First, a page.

By setting splits = TRUE inside swim_parse one can read in split times. Splits will then be read in as either 50 splits (the default), or 25 splits, depending on the value provided to split_length. Let's look at those same Texas/Florida/Indiana Results again.

TX_FL_IN_df_splits <-
    # typo = c("Indiana  University", ", University of"), # not required in versions >= 0.7.0
    # replacement = c("Indiana University", ""), # not required in versions >= 0.7.0
    splits = TRUE,
    split_length = 50


We can now see split times for the 50 and 100 walls, plus more split columns that are filled in for the longer races.

Care is needed however, because split times are handled inconsistently in source data. For example in these results, from a meet between Indiana and Louisville splits are sometimes by 25:


and sometimes by 50 - within the same meet.


Another example, in these 2017 Junior National results from Singapore, the 1500m splits are by 25 for the first 800m, and then the last split is for the final 700m of the race.


Relays are also traditionally handled differently, with splits summing for individual athletes. In the 2018 Big Ten championship results Lilly King does not split a 25.84 on the second 25 of the breaststroke leg of Indiana's 200 medley relay, rather 25.84 was her time for the entire 50 yard breaststroke leg.


Just be forewarned - splits, even within the same meet, will often require some after-import attention and swimming-specific knowledge to clean.

Formatting Splits

The preferred format for splits is "lap" format, where each split is the duration of a single lap (or length) of the pool. Splits are sometimes also presented in cumulative format, where each split is the total time elapsed at a particular point in the race. For example consider this data frame, containing two swimmers swimming the exact same times and splits, but with one in lap format and the other in cumulative format.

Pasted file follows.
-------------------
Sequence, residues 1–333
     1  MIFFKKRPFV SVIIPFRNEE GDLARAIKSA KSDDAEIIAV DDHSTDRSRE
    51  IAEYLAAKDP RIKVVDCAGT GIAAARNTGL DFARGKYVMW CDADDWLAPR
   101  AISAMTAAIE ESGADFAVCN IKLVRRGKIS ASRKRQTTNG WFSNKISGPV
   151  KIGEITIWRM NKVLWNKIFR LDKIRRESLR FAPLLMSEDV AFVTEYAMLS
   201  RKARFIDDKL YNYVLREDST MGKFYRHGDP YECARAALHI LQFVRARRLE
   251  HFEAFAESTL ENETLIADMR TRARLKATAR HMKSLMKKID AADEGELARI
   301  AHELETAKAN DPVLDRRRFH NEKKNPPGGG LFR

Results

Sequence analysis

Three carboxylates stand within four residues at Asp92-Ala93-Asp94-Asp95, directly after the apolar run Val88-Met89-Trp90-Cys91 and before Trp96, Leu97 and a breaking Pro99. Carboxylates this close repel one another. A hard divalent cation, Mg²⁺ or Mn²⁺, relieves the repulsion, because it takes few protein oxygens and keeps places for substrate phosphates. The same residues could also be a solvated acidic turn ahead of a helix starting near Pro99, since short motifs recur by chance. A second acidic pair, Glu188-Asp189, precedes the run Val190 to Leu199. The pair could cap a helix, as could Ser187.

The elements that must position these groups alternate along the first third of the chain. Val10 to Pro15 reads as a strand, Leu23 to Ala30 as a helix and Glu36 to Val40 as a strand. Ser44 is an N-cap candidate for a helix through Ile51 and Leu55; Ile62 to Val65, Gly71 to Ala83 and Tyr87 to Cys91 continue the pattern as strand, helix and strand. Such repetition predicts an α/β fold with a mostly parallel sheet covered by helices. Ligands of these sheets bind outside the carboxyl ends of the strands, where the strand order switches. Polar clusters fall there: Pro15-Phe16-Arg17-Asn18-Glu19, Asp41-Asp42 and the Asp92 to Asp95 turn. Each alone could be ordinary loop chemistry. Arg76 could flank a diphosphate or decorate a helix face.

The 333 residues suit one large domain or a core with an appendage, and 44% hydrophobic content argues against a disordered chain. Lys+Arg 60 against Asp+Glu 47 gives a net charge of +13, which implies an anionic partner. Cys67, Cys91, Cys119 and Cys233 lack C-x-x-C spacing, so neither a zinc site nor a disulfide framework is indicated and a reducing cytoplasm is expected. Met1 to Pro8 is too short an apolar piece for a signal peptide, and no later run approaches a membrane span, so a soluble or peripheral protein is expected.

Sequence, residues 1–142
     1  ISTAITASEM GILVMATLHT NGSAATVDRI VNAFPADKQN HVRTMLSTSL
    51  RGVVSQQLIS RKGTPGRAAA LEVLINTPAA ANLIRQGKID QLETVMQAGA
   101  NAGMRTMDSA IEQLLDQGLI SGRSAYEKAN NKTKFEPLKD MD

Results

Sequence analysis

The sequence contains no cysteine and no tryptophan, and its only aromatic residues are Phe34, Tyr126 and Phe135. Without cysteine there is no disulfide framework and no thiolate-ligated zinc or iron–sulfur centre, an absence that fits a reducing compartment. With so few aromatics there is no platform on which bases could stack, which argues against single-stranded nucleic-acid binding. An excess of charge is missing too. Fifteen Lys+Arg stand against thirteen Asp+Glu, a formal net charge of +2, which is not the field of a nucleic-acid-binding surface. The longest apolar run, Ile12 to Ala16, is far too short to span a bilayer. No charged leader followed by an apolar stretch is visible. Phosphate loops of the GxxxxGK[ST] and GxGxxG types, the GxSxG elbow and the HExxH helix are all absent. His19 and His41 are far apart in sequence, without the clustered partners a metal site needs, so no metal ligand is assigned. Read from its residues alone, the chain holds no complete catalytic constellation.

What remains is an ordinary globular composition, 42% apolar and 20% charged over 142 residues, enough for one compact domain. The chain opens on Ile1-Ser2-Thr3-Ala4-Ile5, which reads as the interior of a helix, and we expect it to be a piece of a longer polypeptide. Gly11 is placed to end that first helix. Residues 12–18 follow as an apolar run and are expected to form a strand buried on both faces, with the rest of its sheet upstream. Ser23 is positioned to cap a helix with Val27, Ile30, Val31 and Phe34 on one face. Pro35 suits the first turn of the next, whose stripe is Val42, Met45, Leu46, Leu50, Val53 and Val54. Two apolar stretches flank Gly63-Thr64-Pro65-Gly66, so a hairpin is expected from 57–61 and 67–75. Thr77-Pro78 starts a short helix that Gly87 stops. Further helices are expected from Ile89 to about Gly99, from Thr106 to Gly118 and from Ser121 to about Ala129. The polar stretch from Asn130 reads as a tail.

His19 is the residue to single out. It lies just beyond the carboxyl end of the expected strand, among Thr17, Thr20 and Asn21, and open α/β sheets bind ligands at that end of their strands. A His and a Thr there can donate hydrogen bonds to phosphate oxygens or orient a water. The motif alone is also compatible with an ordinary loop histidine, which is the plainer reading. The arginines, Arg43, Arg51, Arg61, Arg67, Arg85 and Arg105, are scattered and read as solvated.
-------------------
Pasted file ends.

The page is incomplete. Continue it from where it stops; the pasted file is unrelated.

df <- data.frame(
  Place = 1,
  Name = c("Lenore Lap", "Casey Cumulative"),
  Team = rep("KVAC", 2),
  Event = rep("Womens 200 Freestyle", 2),
  Finals_Time = rep("1:58.00", 2),
  Split_50 = rep("28.00", 2),
  Split_100 = c("31.00", "59.00"),
  Split_150 = c("30.00", "1:29.00"),
  Split_200 = c("29.00", "1:58.00")


Cumulative splits can be converted to lap splits with the split_to_lap function.

df %>% 
  filter(Name == "Casey Cumulative") %>% 

Splits that are already in lap format can be avoided using the threshold parameter in splits_to_lap. The value is threshold is effectively a maximum lap split value. If no swimmer in the data frame will swim a split slower (i.e. greater than) 35.00 then 35.00 makes a good threshold value. Failing to set threshold in data frames containing both lap and cumulative split times will result in nonsensical splits and warnings from SwimmeR.

df %>% 
  splits_to_lap(threshold = 35)

Converting to cumulative, although not the preferred format, is possible as well with splits_to_cumulative.

df %>% 
  filter(Name == "Lenore Lap") %>% 

Similarly, setting threshold allows the exclusion of splits that are already in cumulative format. Here threshold is a minimum split value.

df %>% 
  splits_to_cumulative(threshold = 20)


Relay Swimmers

The final argument to swim_parse is relay_swimmers, which defaults to FALSE. Setting relay_swimmers = TRUE will cause swim_parse to read in the names of relay swimmers for each relay, and add them to the normal swim_parse output as columns. I don't love this, because the result is having individual swimmers as rows, and relay swimmers as columns (because relay swimmers are associated with their particular relay). This is not very tidy, and SwimmeR strives to be tidy. Still, the functionality does exist.

TX_FL_IN_df_relay_swimmers <-
    # typo = c("Indiana  University", ", University of"), # not required in versions >= 0.7.0
    # replacement = c("Indiana University", ""), # not required in versions >= 0.7.0
    relay_swimmers = TRUE


It is of course also possible to read in both splits and relay swimmers, by setting both of the relevant arguments to TRUE.


Reading ISL Results

International Swimming League results are technically .pdf files, but they're formatted very differently, so they have their own special function, swim_parse_ISL. Handling of ISL results is otherwise the same, with the file first going to read_results and then to swim_parse_ISL, returning a data frame.